Federal Court Strips Immunity From Sheriff Who Tried To Silence A Critic By Having Him Arrested

from the his-own-worst-enemy dept

Late last summer, a Louisiana sheriff decided to use a long-dormant, unconstitutional criminal libel law to track down an online critic and search his home. Not that anyone had really been using the law to criminally charge people for libel, but if you don’t take a bad law off the books, sooner or later someone’s going to abuse it.

Sheriff Jerry Larpenter was the abuser. A blogger who had problems with the parish’s incestuous relationship with its insurance provider — a firm that employed Sheriff Larpenter’s wife — was the target. Larpenter apparently tired of the blog’s well-investigated criticism and found a judge compliant enough to sign a warrant for him. (The sheriff bypassed the on-duty judge and had it signed by the off-duty judge, suggesting he’s engaged in more than one inappropriately-cozy relationship with a government entity.) He went to the blogger’s house and seized five phones and two computers, one of which belonged to the blogger’s children.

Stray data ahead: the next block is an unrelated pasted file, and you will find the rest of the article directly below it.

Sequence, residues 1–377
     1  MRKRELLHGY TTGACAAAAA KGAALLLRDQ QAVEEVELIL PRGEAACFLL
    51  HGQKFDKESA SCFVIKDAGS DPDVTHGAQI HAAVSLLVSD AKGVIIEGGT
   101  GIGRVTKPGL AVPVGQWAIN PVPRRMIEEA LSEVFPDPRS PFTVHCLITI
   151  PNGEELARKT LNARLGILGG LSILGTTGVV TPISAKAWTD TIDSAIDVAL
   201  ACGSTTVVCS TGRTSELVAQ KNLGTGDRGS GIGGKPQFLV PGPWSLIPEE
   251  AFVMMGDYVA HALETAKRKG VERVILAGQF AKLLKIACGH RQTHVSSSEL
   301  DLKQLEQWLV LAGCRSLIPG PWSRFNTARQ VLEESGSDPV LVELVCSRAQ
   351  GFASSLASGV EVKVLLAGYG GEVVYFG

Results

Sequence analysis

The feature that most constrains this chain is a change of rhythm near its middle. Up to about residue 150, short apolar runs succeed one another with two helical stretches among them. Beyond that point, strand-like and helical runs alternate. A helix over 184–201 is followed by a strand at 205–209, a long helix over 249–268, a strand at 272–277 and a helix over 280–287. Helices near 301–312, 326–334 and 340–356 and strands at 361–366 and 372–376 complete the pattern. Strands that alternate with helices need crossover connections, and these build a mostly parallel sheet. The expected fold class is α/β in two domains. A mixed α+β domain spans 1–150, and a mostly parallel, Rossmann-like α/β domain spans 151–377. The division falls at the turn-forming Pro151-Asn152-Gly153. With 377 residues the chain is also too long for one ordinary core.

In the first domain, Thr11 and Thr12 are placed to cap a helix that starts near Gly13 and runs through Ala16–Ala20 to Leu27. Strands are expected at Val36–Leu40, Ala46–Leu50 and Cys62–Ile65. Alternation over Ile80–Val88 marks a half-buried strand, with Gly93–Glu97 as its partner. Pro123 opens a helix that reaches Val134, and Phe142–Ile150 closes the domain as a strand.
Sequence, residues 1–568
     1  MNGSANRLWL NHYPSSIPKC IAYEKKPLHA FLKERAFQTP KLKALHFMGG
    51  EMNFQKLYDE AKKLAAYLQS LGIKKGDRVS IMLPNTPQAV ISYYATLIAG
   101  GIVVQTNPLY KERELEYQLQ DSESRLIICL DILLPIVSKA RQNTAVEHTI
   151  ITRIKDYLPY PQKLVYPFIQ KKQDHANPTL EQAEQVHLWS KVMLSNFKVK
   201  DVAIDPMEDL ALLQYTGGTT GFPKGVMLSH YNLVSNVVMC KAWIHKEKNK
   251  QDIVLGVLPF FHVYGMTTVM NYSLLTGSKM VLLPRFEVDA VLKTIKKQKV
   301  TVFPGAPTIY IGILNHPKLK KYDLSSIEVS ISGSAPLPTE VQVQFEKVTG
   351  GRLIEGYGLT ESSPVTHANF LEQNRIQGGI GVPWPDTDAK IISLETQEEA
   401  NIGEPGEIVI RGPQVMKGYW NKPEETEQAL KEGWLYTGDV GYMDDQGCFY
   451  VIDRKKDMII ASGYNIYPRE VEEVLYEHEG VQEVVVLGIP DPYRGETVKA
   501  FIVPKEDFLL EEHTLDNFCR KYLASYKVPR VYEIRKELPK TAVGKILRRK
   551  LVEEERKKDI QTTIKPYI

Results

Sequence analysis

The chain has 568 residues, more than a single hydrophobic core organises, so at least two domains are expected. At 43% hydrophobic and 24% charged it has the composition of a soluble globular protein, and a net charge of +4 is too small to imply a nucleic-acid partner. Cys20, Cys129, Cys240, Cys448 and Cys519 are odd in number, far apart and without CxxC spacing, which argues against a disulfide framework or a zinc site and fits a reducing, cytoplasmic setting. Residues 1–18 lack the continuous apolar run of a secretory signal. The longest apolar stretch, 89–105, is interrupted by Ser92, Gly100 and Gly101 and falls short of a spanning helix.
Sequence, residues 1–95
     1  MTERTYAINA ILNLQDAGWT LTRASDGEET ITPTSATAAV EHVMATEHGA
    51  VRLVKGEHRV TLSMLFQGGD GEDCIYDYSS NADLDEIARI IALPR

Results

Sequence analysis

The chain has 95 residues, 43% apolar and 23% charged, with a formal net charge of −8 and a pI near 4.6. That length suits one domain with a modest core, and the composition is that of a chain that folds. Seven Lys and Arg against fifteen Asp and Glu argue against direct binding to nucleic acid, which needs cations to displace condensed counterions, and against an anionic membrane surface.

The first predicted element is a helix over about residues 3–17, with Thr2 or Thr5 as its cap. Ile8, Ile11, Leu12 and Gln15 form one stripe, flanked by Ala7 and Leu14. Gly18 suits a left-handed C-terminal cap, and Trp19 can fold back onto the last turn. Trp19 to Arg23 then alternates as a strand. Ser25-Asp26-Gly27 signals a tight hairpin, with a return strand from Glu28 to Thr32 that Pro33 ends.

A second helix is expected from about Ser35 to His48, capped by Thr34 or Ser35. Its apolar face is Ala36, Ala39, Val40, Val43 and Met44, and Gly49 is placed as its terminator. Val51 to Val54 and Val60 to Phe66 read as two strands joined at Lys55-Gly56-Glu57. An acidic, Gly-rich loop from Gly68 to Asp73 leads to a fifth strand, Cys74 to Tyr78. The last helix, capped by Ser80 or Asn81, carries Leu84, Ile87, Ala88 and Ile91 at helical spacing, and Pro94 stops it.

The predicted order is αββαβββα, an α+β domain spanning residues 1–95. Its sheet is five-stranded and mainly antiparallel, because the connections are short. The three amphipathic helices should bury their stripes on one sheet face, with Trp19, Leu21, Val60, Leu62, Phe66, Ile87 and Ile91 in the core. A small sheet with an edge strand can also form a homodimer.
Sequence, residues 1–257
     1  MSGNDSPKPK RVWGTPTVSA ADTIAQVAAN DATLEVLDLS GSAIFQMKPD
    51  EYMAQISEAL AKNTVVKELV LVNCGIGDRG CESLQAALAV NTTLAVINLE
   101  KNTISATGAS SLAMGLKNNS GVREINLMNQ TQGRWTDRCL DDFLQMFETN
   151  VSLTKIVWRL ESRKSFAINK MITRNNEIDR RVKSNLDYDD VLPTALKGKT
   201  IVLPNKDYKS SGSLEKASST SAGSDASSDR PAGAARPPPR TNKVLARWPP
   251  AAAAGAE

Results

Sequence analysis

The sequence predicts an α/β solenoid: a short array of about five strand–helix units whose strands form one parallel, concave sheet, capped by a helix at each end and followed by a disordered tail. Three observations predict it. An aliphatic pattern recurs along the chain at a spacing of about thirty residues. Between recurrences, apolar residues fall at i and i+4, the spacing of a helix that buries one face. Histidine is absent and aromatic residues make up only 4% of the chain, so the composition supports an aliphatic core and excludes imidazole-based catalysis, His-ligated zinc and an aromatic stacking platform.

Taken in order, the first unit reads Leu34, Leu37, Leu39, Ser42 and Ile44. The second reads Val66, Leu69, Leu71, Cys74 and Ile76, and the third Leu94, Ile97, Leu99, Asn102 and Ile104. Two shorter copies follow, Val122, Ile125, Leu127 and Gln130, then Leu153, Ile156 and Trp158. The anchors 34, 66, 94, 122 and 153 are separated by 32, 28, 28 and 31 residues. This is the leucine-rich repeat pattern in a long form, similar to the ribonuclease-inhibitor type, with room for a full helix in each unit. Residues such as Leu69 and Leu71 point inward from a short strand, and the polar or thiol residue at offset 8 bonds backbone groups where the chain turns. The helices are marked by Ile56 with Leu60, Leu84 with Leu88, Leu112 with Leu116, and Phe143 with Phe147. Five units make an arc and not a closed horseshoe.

The judge who signed the warrant unsurprisingly found the warrant to be valid when challenged by the blogger. A Louisiana appeals court, however, saw things differently. In a unanimous ruling, the three judges declared the warrant to be unconstitutional. The ruling said the criminal defamation law could not possibly apply in this situation, as the target of the alleged libel (Tony Alford — parish insurance provider and board commissioner) was a public figure.

This opened the door for a civil rights lawsuit against the sheriff. In a decision [PDF] handed down late last month, federal judge Lance M. Africk strips Sheriff Larpenter of his qualified immunity. The first sentence makes it clear just how far out of the bounds of constitutionality Sheriff Larpenter has wandered. (via the Volokh Conspiracy)